What Information Will Be Required For An Income Tax Audit?
The country has several rules and regulations. Some of them manage multiple types of audits, such as counting cost audits, stock audits, business audits, tax audits, secretarial audit reports, and so on. An income tax audit, as the name implies, seeks to determine whether an individual or business accurately submitted ITRs (Income Tax Returns) for a taxation year.
The Income Tax Act authorises an outside organisation to review ITRs filed, deductions and outlays, and other requirements. The Income Tax Audit procedure simplifies ITR calculation. The CA of the auditing organisation shall produce Form 3CB or 3CA, as well as Form 3CD, as an audit report with the notes.
What Is the Purpose of a Tax Audit?
An income tax audit is crucial for a variety of reasons. Some of them are listed below:
It provides vital information such as compliance, tax depreciation, and so on. This simplifies the procedures for income tax businesses to evaluate the accuracy of the ITR filed by the enterprise or person.
- It also aids in the detection of income tax fraud and malpractice.
- Following a comprehensive investigation of the correctness or imprecision of the ITRs filed, the auditor reports his findings.
- It is also necessary for analysing the correctness of ITRs filed by firms or individuals during a taxation year, as well as the CA’s account preservation.
Who Needs a Tax Auditor?
These are the types of taxpayers who require an income tax audit:
- A business owner cannot claim presumptive taxation under Section 44 AD because he pursued it in a single taxation year and not in any of the five subsequent years. This applies while his yearly revenue exceeds the maximum amount not chargeable to tax in the five taxation years following the tax year.
- A worker for a company with a gross income of more than 50 lakh.
- A business owner who has not chosen a presumptive taxation scheme and has a gross revenue/turnover of more than one crore rupees.
- A corporate employee can choose presumptive taxes and claim revenues that are less than the presumptive taxation limit. Also this employee’s annual pay exceeds the tax-free threshold.
The Income Tax Audit Report Filing Process
Here’s all you need to know about the Income Tax Audit Report Filing Process:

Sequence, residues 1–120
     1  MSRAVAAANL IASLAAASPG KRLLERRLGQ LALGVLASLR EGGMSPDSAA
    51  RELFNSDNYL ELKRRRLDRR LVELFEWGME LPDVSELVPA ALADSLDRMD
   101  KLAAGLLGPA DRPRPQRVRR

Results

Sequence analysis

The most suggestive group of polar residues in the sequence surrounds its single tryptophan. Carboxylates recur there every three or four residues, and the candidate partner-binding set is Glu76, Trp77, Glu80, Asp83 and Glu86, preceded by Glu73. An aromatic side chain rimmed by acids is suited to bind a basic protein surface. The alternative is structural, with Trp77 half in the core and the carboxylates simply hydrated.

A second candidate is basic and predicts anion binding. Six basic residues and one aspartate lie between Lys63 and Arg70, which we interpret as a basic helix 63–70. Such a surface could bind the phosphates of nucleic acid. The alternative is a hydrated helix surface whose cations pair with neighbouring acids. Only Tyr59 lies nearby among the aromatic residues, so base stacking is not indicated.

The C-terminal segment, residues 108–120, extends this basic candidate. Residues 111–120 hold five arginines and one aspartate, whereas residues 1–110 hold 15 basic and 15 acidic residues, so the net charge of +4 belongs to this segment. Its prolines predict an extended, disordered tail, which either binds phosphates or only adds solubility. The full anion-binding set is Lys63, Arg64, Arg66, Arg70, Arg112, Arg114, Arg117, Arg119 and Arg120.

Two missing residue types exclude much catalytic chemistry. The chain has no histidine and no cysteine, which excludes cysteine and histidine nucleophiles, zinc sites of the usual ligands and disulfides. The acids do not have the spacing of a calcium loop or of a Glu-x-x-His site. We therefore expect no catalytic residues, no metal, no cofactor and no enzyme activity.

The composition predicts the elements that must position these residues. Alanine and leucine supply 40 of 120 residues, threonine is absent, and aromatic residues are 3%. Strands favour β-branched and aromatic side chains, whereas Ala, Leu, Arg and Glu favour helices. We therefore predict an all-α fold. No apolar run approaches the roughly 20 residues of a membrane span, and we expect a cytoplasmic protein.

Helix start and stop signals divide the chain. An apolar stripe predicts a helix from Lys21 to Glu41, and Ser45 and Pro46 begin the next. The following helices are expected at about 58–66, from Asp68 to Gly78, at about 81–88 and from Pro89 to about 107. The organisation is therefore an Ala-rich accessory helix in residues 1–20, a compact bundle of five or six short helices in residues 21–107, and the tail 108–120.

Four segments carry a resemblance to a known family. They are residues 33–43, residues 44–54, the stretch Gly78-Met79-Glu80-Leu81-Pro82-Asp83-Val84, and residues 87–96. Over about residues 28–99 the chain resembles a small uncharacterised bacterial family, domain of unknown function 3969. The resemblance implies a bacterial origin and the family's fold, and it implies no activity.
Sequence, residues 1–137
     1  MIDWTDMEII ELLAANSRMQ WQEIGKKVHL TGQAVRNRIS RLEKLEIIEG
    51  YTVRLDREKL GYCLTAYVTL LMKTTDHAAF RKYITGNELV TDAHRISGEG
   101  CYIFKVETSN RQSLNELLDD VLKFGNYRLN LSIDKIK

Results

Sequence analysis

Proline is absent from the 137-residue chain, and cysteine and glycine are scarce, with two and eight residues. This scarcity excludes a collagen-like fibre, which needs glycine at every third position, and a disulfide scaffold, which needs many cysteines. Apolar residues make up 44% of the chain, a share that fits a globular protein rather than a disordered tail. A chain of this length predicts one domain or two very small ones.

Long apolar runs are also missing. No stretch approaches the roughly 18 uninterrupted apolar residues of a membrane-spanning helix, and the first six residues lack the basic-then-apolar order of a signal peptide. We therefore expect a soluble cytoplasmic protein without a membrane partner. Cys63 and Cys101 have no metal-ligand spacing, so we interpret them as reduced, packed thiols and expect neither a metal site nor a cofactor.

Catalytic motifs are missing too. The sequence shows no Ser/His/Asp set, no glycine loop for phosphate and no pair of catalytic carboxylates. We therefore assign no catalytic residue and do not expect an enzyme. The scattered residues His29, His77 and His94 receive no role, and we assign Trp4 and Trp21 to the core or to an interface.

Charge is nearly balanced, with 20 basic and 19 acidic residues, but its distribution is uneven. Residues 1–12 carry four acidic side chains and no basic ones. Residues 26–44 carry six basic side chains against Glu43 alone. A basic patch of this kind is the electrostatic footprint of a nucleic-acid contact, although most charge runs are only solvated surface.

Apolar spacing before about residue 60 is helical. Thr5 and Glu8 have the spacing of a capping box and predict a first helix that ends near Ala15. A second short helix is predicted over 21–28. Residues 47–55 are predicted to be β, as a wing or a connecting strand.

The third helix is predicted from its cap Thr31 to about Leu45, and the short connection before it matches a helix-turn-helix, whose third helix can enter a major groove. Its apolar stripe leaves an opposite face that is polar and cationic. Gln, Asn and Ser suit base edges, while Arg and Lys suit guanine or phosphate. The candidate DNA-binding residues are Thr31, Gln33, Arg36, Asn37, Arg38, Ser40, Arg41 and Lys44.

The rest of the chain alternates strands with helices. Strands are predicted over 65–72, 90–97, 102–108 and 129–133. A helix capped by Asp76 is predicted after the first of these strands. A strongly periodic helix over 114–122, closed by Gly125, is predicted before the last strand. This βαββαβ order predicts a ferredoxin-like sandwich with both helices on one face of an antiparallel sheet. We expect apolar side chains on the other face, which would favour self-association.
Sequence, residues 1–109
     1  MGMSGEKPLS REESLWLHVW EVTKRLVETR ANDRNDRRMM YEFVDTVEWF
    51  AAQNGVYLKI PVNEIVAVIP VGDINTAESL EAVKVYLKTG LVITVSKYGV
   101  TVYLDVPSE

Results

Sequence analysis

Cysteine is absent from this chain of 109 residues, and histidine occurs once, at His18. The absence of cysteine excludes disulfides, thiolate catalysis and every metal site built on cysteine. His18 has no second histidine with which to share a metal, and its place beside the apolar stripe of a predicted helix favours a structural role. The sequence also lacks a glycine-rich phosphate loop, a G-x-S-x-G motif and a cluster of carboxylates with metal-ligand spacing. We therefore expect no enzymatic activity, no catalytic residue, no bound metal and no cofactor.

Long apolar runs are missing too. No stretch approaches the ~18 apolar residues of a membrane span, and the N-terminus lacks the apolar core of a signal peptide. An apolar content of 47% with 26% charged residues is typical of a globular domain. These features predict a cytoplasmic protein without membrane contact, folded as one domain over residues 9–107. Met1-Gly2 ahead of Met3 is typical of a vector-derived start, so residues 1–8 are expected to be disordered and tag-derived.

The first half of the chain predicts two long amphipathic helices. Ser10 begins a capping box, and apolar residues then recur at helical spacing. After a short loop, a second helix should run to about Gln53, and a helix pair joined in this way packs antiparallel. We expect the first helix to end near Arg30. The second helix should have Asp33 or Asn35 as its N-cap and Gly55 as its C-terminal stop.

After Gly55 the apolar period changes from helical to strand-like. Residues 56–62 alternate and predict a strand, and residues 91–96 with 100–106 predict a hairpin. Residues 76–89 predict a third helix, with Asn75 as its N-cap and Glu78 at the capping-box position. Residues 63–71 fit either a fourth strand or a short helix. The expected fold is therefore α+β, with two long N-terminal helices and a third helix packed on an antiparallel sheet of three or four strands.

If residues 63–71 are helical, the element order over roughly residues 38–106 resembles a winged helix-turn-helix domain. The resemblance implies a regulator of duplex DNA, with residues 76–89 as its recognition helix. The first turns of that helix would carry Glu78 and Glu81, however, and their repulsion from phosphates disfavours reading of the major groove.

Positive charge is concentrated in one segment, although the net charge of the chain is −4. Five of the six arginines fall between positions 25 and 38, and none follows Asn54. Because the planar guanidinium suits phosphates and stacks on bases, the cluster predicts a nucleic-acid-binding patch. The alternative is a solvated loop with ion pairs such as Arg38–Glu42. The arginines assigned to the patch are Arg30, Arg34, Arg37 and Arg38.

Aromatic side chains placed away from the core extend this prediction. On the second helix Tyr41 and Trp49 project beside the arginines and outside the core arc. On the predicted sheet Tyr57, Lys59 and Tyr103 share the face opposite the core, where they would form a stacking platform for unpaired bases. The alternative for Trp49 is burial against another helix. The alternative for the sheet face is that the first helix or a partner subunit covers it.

- The CA who is assigned to conduct an income tax audit of a corporation or a person must present the audit report online using his valid login information.
- The taxpayer must also include the relevant CA information within their login platform.
- As soon as the report is uploaded by the tax auditor, the taxpayer must approve or deny it on their login site. If the report is denied, the entire procedure must be repeated until the report is approved by the taxpayer.
- The report must be submitted by the predetermined deadline for filing an ITR, which is September 30 for other taxpayers and November 30 for taxpayers involved in international transactions (one should be aware of the ITR 3 filing process prior to starting the filings).
Income Tax Audit Restriction
According to Section 44AB of the Income Tax Act, audit limits for businesses, professions, and alleged taxation schemes are as follows:
When the gross income from the specialised occupation exceeds 50 lakhs in any prior taxation year, professionals’ income tax audit is applicable. This profession can be an engineer, a lawyer, an accountant, a technical consultant, an interior designer, an architect, a doctor, etc., in accordance with Rule 6F PF of the Income Tax Rules.
Businesses that generated more than $1 million in gross sales or overall turnover the previous tax year are subject to tax examination. According to the Income Tax Act, a business is any financial act that generates income and profits. Business is defined as anything connected to trade and manufacturing in Section 2(3).
Scheme for Presumptive Taxation
A person must submit to an audit if they are registered under this system under Section 44AD and have a turnover of more than $2 Cr.
In conclusion, conducting an income tax audit necessitates the gathering of certain information and documents to ensure a thorough evaluation of the taxpayer’s financial records. Books of accounts, financial statements, bank statements, invoices, vouchers, buy and sales registers, TDS certificates, and other necessary supporting documents are normally required for an income tax audit. Details about assets, liabilities, investments, and any transactions subject to specific tax provisions may also be necessary. To facilitate the audit process and offer the necessary information to tax authorities, it is critical to keep organised and correct records. Seeking professional guidance and being up to date on tax audit standards can help people appropriately prepare for an income tax audit.